The consecration of bishops, on the other hand, is a clear act of schism, of breaking with the head of the Church, of setting up a parallel hierarchy, setting up an independent church. Of course that is exactly what schism is. It is not to be a heretic, which is to say, no, the Pope is, not head of the Church. It is to say, yes, he is, but we are simply going to ignore that and go ahead on our own.
Another part of schism, interestingly, is this: Even if one continues to say, yes, we are under the Pope, we obey the Pope, but it is then to break entirely with those who also are under the Pope, and that the Society of St. Pius X also has done very clearly since the break by considering utterly traditional groups like us, like the Abbey at La Barrou in France , to be now part of the Modernist conspiracy, if you like. In truth, we are in every way traditional, but we accept the Pope and we obey him. Therefore we are outside the pale. That, too, is classically the schismatic mentality.
It’s clear the Society [of St. Pius X] has accepted the dangers of a real schism and is just plowing ahead.
You can read the rest of the interview here.
Pope Benedict XVI lifted the excommunication for the four bishop in 2009, but that does not change things. Just because an excommunication is lifted, it does not mean that the person who was excommunicated is automatically returned to full communion with the Church. For example, when the Great Schism (or East-West Schism) took place, the Pope and the patriarch excommunicated each other. Those orders of excommunication were lifted in 1995 by Pope John Paul II and Patriarch Bartholomew I of Constantinople. Even though the excommunication is lifted, the Orthodox Church is still separated from the Roman Catholic Church.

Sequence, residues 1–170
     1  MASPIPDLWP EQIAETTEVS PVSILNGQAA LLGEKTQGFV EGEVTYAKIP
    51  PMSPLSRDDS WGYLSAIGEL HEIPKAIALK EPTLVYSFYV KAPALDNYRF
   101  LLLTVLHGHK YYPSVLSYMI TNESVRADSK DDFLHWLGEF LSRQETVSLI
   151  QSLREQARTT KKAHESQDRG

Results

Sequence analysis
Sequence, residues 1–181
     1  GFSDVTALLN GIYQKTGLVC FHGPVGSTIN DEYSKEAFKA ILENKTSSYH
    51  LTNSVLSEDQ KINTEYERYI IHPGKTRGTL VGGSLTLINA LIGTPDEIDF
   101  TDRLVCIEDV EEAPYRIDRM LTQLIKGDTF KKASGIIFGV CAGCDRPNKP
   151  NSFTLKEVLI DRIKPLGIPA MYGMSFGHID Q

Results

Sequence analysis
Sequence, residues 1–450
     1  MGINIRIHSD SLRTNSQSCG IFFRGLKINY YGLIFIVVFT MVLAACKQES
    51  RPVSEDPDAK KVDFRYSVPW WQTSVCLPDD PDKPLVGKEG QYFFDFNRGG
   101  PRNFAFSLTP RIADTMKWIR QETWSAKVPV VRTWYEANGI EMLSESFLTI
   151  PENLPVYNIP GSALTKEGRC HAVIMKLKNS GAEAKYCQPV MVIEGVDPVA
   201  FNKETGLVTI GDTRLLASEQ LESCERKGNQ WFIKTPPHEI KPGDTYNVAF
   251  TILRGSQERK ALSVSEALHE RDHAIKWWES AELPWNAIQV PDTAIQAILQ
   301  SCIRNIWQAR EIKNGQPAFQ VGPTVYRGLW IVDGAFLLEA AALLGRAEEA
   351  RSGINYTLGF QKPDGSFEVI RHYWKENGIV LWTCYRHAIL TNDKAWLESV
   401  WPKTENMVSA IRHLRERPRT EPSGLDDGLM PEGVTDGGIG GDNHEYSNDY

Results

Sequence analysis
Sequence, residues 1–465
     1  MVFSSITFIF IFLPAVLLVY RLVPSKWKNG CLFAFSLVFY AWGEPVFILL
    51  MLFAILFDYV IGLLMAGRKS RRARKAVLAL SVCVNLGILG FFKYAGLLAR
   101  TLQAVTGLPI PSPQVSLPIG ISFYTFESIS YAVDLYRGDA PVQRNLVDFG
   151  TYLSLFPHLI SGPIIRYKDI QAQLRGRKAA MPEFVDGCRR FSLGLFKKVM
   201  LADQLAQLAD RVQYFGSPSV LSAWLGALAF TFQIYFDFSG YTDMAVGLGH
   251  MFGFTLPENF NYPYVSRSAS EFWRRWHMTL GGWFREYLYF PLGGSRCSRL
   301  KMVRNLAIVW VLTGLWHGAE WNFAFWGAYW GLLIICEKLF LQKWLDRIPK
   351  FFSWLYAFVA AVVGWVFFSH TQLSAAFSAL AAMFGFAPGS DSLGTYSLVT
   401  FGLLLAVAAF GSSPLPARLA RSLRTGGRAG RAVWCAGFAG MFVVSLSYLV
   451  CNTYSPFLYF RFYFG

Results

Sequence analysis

Pope Benedict XVI made the situation clear in 2009.
The fact that the Society of Saint Pius X does not possess a canonical status in the Church is not, in the end, based on disciplinary but on doctrinal reasons. As long as the Society does not have a canonical status in the Church, its ministers do not exercise legitimate ministries in the Church. There needs to be a distinction, then, between the disciplinary level, which deals with individuals as such, and the doctrinal level, at which ministry and institution are involved. In order to make this clear once again: until the doctrinal questions are clarified, the Society has no canonical status in the Church, and its ministers – even though they have been freed of the ecclesiastical penalty – do not legitimately exercise any ministry in the Church. – Pope Benedict XVI March 10, 2009
I agree with SSPX on several points. I agree that Vatican II was a major rupture with the past. I also agree that the Latin Mass is the premier form of worship and that the pre-Vatican II sacraments are more powerful. However, I do not agree with Lefebvre’s actions. Nor do I agree that the English Mass invalid, it is watered down but it is still valid. There are god people in the SSPX, but they are misled by men who like leading their own church. Please keep SSPX in your prayers. Pray that they will return to return to communion with the Holy See.
Thanks for sharing your article, John.
The 1917 CCL, I believe hasn’t changed much ever since, but it shows, the issue with the SSPX has a long tail.
And, of cause, I also will keep them in my prayers that they return.
God bless you